Air Canada slashed its quarterly loss as travel demand soared, and the company experienced “one of the steepest ramp-ups compared to any other airline in the western world”.
The Montreal-based carrier said on 2 August that its loss for the three-month period that ended on 30 June was C$386 million ($300 million), down from C$1.17 billion in the same quarter a year ago.
The legacy airline’s revenue jumped five-fold to C$3.98 billion during the second quarter of 2022, from C$837 million in the same three months in 2021.
While the boost is welcome, the quick rebound in demand and traffic has created massive system-wide operational issues. Under-staffing across the airline has caused thousands of flight delays and tonnes of lost luggage, among other problems.
“The industry worldwide is facing unprecedented conditions as it emerges from pandemic-related restrictions,” says chief executive Michael Rousseau on the company’s quarterly earnings call. “The situation is particularly challenging in Canada, where we have gone from a near two-year shutdown of air travel to rebuilding our capacity back to close to 80% of 2019 levels in just a few months.”
Air Canada says it transported more than 9.1 million customers in the quarter that ended on 30 June. That’s almost 8 million more than during the second quarter of 2021 or about 70% of total customers carried in the full year of 2021, he adds.
“Despite meticulous planning and projecting, participants involved in the air transport system are facing significant pressure in restarting,” he adds.
In response to what it calls “the unprecedented challenges faced by the air transportation system” Air Canada cancelled about 8% of its schedule – or 154 mainly domestic and US trans-border flights - during the traditionally busy summer travel months of July and August.
In the past months, the government of Canada relaxed most of its pandemic-prompted restrictions, including ditching its requirement for a pre-departure negative Covid-19 test for inbound international travellers, and not requiring proof of vaccination for boarding an aircraft in Canada. That led to a massive increase in interest for air travel, executives say.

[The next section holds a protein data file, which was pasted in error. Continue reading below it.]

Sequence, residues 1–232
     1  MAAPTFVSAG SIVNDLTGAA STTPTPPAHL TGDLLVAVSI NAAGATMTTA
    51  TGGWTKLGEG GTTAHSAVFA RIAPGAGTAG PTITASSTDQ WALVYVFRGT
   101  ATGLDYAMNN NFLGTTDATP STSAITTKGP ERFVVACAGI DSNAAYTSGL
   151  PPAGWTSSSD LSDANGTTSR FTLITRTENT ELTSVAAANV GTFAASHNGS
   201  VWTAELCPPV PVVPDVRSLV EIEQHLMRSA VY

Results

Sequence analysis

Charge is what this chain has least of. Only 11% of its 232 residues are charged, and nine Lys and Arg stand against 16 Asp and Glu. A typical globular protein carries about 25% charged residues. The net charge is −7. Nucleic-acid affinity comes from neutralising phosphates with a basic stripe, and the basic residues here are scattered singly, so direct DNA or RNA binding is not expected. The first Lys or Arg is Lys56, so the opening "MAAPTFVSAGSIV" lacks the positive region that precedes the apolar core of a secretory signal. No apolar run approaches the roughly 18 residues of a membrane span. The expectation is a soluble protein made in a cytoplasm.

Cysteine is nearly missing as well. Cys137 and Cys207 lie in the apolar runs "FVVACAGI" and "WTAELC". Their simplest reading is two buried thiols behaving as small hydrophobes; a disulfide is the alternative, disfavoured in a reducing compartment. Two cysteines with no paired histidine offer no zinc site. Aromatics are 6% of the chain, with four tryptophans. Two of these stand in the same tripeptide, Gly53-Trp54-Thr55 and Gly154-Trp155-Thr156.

Chief financial officer Lucie Guillemette said that increase amounted to ”one of the steepest ramp-ups compared to any other airline in the western world”.
The company also says on its quarterly results conference that it’s adding two new Boeing 777 freighter aircraft to its fleet. That’s in addition to its current two 767-300 freighters. These two new aircraft are expected to join the fleet in 2024.
“We see strong demand in the market [and] that we really need the additional capacity,” says chief financial officer Amos Kazzaz. “We can use the efficiencies we have from our current 777 fleet [and] the new 777 can help us round out the network and range capability.”
According to Cirium fleets data, Air Canada currently operates 18 777 aircraft in its passenger network.
For the rest of the year, the company anticipates continued growth, with “solid” demand, that shows no signs of slowing down. The Canadian airline plans to once again expand capacity as measured in available seat miles (ASMs) for the third quarter and beyond. During the three months between July and September, the company plans to offer 131% of last year’s capacity, or 79% of 2019 levels.
For the full year, ASMs will settle in at 74% of 2019 AMS levels, or 150% higher than in 2021.
Despite a projected recession, Air Canada says it’s prepared for anything the future will bring.
“We see no evidence of a slowdown. We are ready for any scenario that exists to take advantage of,” Rousseau says.